DBR Mills came across my purview more than a decade ago. I heard about it in passing and was curious to learn more about it. Old news articles told me that DBR (Dewan Bahadur Ramgopal) Mills shut down in 1992 temporarily but was never opened after that. Today, two and a half decades after its closure, the buildings line in complete ruin. The mills are located in the lower tank bund area and presently resemble a small forest. I have wanted to explore the area ever since I heard about it and finally took the step last October. With news that the area might be re-purposed for government buildings, I realized it was now or never and along with a couple of friends, mustered up the courage to explore the abandoned area of the mills, on a damp Sunday morning.
The whole compound is around 22 acres and is completely overgrown with plants and weeds. All 3 of us wore thick jeans, full sleeved shirts and boots, so as to protect from random thorns and any sharp nails/leftover objects on the floor. Getting inside was easier than expected though – we simply walked in through the crumbling building on the main road of lower tank bund. But once we passed through the initial building, we realized that walking through the tall shrubs and bushes would be tricky. Armed with a stick, we slowly pushed away stray branches and made our way towards the first building that we could see in the distance.
Upon reaching the building, we realized it was merely a shell of 4 walls and the entire roof had caved, probably a long time ago. All the structures in the compound did not have roofs and the floors were littered with broken tiles and AC sheets. Then we came across a very large chimney which was quite rusty and looked like it might collapse any moment. It even had a ladder on the side to climb it all the way to the top but we decided to err on the side of caution.
Walking through the ceiling-less structures, between the corridors and undergrowth made me wonder about life when the mills was in its heyday. Workers would have been bustling around, officers would be walking around and the entire atmosphere would have been filled with the din of machines. But on that day, we only had the rustle of leaves and occasional chirping of the distant bird.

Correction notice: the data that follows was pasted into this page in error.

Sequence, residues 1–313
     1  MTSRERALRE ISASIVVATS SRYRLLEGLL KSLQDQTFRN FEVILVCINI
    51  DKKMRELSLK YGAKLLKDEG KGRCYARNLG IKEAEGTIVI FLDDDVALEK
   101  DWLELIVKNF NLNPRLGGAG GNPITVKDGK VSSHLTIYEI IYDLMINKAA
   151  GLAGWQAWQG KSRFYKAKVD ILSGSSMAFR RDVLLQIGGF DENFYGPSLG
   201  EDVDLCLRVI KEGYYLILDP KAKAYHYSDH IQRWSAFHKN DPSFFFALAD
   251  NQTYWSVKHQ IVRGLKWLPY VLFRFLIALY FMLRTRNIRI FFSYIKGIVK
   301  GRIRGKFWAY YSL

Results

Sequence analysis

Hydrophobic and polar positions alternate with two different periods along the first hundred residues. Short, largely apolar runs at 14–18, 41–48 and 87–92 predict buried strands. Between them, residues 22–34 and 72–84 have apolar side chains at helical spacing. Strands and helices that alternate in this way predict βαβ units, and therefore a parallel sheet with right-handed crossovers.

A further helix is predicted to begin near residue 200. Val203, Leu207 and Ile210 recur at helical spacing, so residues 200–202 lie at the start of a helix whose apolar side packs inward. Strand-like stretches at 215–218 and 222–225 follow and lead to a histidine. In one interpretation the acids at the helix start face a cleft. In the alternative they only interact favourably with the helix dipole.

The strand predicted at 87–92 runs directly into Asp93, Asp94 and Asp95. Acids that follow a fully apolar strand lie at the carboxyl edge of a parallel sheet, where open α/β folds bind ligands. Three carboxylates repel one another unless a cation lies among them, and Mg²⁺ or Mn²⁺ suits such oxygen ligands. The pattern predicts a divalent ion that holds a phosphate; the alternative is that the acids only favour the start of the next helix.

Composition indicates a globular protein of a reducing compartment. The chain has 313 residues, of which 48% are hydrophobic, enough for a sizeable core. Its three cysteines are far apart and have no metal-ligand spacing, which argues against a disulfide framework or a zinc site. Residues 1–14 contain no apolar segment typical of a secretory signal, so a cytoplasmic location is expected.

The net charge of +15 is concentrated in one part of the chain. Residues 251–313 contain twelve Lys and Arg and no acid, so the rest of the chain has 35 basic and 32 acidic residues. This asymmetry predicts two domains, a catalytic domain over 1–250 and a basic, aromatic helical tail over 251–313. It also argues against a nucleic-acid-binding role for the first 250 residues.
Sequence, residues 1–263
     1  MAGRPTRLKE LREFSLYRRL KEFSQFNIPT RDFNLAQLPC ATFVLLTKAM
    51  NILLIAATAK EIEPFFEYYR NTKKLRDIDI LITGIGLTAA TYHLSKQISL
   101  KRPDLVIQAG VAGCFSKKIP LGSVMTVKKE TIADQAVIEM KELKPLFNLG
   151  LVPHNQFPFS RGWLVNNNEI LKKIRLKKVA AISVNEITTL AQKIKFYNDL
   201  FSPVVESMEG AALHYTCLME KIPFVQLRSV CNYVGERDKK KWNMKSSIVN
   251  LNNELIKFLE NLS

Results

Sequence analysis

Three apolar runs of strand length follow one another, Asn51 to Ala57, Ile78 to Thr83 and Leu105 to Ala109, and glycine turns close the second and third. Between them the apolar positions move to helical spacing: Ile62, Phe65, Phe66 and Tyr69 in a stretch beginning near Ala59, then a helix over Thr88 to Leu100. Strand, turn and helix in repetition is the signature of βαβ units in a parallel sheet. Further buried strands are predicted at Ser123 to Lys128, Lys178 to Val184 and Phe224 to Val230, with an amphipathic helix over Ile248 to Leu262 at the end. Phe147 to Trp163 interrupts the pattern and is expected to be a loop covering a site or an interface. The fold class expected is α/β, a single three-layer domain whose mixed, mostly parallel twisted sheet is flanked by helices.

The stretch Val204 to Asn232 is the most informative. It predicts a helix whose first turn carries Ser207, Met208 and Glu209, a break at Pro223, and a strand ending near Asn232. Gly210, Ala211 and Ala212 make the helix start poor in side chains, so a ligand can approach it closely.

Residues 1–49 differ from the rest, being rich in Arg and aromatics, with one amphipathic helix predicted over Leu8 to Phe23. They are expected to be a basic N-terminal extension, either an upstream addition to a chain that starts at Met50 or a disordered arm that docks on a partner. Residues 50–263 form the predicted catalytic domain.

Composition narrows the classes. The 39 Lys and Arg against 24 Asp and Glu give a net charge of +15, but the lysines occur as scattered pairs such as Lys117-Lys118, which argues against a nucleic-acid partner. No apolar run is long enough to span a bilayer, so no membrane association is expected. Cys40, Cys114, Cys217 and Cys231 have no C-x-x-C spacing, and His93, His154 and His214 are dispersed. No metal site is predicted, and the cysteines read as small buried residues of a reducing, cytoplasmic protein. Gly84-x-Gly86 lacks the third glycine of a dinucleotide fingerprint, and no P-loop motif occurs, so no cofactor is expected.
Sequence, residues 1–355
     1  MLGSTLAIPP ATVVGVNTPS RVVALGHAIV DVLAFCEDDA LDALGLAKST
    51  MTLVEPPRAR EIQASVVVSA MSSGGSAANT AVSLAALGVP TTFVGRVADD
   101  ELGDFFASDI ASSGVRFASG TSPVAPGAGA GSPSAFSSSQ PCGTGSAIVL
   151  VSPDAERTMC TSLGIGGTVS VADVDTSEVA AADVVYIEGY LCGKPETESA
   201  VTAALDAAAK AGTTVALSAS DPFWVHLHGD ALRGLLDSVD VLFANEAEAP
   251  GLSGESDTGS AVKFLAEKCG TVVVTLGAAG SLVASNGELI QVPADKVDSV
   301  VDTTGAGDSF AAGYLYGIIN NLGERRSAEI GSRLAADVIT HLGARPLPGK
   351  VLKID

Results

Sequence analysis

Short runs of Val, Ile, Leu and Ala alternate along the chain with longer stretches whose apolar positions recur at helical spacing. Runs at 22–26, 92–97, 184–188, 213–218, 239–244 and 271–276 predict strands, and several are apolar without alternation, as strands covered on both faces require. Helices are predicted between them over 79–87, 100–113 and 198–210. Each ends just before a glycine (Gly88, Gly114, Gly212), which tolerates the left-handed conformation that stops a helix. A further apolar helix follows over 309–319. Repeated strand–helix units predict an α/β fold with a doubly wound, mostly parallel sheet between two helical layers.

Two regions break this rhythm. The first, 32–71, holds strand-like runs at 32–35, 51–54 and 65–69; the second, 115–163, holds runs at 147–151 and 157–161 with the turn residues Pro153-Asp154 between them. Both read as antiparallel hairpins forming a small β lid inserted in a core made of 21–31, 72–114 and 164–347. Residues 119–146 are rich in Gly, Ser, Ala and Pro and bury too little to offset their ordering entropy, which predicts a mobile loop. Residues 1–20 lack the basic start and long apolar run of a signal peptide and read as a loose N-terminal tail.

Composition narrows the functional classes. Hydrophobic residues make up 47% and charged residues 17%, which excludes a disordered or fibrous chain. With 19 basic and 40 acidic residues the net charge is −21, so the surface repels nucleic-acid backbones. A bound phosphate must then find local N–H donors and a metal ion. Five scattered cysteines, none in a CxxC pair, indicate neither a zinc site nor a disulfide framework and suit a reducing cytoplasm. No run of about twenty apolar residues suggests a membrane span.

Following Google Maps, we proceeded East. We stumbled across a large pool of water with some structures inside it, many more large buildings without roofs and a few corridor like areas. In the large hall like area, there were gaps in the floor where I suppose the machines would have been once installed but we found a few families of stray dogs living in this mini underground spaces.
Finding a way out got a little difficult at one point since most paths ended in too much shrubbery to walk through. But after trying out several different routes which ended up nowhere, we managed to come across one usable route. It was only on the final steps that we realized we had walked over a rubbish dump to get out but were glad that we did not have to walk all the back to the entrance!
All photos shot with a Canon 5D Mk IV and Canon 16-35mm f/2.8L II lens. Thanks to Nasrullah and Suri for coming along on this journey!
If you are keen on exploring the place, please take all necessary precautions and don’t go alone.
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Nice visuals and good oratory skills in the way of explaining the place and the way you approached it…. It would be of great help if you could tell more about the area and have even more photos of it.